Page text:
The Story of Mike Matthews and Electro-Harmonix

The history of the electric guitar is actually way more interesting than one might think. After all, it involves more than just the evolution of the instrument's design. Since a great portion of the tone comes from amplifiers and pedals, these too also saw some significant changes over the years, ultimately shaping the electric guitar-based music as we know it today.

But from all the brands, companies, manufacturers, and other businesses, there's only a handful of those that made as big of an impact as Electro-Harmonix. The company, that started its work back in the late 1960s, has managed to inspire countless guitar players all around the world by shaping their tone through unique circuitry. Started by Mike Matthews, who's still its CEO, Electro-Harmonix accomplished a lot during the past five decades or so.

In Mike Matthews' honor, we'll be looking into the story of the company and how exactly they managed to change the course of electric guitar history with their pedals.

Beginnings

Going back to the 1960s, fuzz pedals - which are, in essence, distortion pedals - blew up after Keith Richards used Maestro Fuzz-Tone in The Rolling Stones' legendary hit "(I Can't Get No) Satisfaction." One thing led to another, and many smaller and larger manufacturers wanted in on this game. Young and talented keyboard player Mike Matthews, who was working for IBM in the late 1960s, decided that he could try starting his own business on this.

After going back and forth with a few attempts, he partnered up with Bill Berko to create a fuzz pedal called Foxey Lady and sold it under the Guild Guitar Company brand. After the duo parted ways, he got together with an engineer named Robert Myer. Together, they made their first product called Linear Power Booster and labeled as LPB-1. This same exact clean booster pedal is still in production to this day. And it still drives tube amplifiers into those smooth overdriven territories in its own unique way.

A few other products also came during the late 1960s and the 1970s, including a portable amplifier called Mike Matthews Freedom Amp. However, the game-changing device was the legendary Big Muff Pi, which was built after the success of LPB-1. Having many iterations over the years, this high-gain distortion pedal became popular among guitarists of many different genres. At this point, Electro-Harmonix cemented their place in music history, as Big Muff is still one of the best-selling pedals even to this day.

What came next?

Of course, after this major success, Mike Matthews continued to design and manufacture other great pedals. A notable example was Small Stone Phaser, released in the mid-1970s and featuring operational transconductance amplifiers. Around this time, his company also released a stereo flanger called Electric Mistress, which quickly found its way into the rigs of famous guitar players of the era.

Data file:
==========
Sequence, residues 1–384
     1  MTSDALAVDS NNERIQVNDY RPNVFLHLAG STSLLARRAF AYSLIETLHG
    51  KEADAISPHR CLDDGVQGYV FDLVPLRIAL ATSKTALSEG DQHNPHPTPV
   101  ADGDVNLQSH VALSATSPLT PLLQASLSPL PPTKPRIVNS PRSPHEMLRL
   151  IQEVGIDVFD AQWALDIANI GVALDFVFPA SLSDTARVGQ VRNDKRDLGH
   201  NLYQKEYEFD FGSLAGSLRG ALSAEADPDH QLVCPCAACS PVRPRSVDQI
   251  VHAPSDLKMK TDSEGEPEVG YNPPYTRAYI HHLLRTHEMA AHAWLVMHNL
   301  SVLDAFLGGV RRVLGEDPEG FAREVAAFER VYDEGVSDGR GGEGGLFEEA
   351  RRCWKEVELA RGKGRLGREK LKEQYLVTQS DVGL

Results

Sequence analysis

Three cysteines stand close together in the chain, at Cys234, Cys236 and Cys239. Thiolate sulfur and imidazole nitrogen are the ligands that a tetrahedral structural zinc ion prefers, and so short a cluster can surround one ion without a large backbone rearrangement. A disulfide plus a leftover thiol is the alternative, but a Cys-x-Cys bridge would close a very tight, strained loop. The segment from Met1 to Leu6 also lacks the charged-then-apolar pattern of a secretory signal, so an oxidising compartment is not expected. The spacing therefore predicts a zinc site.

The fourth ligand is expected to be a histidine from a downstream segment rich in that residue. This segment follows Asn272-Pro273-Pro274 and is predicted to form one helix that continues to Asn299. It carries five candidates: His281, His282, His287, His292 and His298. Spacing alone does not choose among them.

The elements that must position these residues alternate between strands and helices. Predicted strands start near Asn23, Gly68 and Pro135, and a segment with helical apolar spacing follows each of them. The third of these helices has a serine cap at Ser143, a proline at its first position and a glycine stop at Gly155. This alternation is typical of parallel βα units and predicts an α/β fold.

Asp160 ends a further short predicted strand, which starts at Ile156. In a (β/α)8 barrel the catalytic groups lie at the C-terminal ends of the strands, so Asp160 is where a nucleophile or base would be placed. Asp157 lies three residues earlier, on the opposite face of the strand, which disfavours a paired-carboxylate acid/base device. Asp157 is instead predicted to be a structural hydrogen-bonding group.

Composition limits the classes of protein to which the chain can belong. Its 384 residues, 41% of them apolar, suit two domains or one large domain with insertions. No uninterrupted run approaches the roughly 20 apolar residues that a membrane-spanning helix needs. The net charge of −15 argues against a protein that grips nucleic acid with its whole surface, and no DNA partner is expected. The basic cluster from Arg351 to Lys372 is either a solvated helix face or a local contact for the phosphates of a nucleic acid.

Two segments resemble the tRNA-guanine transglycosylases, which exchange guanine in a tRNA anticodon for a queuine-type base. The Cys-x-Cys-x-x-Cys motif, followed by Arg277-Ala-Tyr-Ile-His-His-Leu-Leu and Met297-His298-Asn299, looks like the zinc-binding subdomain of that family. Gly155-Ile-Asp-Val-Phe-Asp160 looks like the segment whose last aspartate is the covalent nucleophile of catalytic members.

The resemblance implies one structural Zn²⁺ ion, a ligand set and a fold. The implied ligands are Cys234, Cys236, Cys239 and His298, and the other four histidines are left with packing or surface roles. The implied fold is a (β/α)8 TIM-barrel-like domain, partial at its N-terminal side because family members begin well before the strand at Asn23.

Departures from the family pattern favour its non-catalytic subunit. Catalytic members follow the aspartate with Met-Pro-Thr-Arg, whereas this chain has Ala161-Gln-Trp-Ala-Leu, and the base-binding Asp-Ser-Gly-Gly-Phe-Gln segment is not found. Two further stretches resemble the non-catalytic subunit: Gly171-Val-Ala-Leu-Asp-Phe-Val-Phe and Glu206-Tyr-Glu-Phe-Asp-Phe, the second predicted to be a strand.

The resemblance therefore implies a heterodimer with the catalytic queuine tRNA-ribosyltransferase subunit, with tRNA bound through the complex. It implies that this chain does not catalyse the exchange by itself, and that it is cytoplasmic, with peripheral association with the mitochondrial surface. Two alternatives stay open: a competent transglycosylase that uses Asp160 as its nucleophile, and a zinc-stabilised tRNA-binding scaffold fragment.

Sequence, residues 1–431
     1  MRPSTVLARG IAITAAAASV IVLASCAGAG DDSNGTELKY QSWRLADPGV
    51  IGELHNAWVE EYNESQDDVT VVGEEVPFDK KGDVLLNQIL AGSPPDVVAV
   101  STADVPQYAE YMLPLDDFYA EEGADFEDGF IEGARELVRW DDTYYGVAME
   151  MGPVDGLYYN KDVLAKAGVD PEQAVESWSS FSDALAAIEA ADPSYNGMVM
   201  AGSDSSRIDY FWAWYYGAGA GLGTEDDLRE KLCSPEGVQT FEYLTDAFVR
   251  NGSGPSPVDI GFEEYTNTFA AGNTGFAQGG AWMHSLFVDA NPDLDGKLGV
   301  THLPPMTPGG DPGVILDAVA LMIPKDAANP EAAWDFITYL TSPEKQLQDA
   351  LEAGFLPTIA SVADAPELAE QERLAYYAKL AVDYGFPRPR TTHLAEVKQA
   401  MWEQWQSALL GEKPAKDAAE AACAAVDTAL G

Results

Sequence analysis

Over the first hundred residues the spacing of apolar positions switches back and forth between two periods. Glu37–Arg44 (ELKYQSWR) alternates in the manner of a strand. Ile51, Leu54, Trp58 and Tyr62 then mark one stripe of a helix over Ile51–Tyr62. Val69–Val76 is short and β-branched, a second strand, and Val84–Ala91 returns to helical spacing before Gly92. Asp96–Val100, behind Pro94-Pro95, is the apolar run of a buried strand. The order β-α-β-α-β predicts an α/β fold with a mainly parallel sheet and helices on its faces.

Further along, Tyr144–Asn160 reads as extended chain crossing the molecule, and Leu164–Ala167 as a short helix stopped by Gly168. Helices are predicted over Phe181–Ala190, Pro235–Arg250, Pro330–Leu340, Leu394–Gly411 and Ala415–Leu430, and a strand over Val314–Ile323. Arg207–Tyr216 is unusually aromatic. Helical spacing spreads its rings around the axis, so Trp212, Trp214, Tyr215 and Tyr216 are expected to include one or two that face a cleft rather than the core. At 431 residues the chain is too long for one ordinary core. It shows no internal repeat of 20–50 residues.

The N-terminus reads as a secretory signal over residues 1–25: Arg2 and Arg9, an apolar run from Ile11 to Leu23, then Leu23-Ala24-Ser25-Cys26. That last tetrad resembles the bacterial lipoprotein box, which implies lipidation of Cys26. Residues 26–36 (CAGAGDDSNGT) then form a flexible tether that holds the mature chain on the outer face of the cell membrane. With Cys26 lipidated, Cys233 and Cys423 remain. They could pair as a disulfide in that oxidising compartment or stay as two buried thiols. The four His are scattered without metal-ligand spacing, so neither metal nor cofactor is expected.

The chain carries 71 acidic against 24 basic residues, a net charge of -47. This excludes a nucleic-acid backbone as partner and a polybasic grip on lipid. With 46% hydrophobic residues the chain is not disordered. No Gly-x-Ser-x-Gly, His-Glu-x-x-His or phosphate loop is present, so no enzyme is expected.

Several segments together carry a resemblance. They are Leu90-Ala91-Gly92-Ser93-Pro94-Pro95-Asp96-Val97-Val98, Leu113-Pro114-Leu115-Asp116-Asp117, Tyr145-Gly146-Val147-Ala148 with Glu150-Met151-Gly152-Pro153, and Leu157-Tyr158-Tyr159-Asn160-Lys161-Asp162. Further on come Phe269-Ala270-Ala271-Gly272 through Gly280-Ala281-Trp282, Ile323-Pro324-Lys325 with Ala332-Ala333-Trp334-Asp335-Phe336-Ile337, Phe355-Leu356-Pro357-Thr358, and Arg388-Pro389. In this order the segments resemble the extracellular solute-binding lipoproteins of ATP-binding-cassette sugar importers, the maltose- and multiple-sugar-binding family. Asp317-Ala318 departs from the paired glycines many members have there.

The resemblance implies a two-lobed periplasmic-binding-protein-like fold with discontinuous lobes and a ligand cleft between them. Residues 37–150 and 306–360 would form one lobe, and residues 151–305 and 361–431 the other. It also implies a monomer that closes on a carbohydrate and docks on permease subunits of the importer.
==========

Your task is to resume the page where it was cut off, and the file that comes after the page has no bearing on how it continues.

Thanks to the further development of transistors, delay effects became easier to make. Electro-Harmonix broke out into this market in 1976 with the Deluxe Memory Man.

Going through a turbulent era

Unfortunately, things got a little turbulent in the 1980s, as the company filed for bankruptcy. To everyone's dismay, Electro-Harmonix seized its operations in the mid-1980s. Late in the decade, Matthews began exploring other possibilities and eventually started a vacuum tube company called New Sensor Corp, which was based in USSR. One thing led to another, and he soon became the main supplier of valves in the industry. Made under the Sovtek brand, these tubes are still highly valued among tube amp lovers.

During the 1990s, Sovtek also began making guitar amplifiers. While their most admired products were EL84, EL34, 12AX7, and 6L6 valves, these new amps had a decent run and are well-respected among some gear collectors.

Getting back on track

Mike used the opportunity to revamp his guitar pedals and began making the old Electro-Harmonix stuff under the Sovtek brand. Things were looking up for Mike, and these Soviet aesthetic-inspired versions of old pedals also started their production in the US. The Sovtek-era EHX pedals are now highly valued among collectors due to their one-of-a-kind design and components.

In the 2000s, Electro-Harmonix once again started mass production of old and new pedal models. And now, the company is stronger than ever, making great pedals for everyone's tastes. Aside from their Nano versions of old pedals, we can also see some very intricate pieces, like the Fab Faux V256 Vocoder, 8 Step Program sequencer, Canyon delay and looper, and even the company's own budget-friendly take on the legendary Klon Centaur called Soul Food.

Looking at their arsenal of products, it seems that Electro-Harmonix will be on the market for quite a while. Even after all these years, Mike Matthews is still very much involved in the company's production of pedals.

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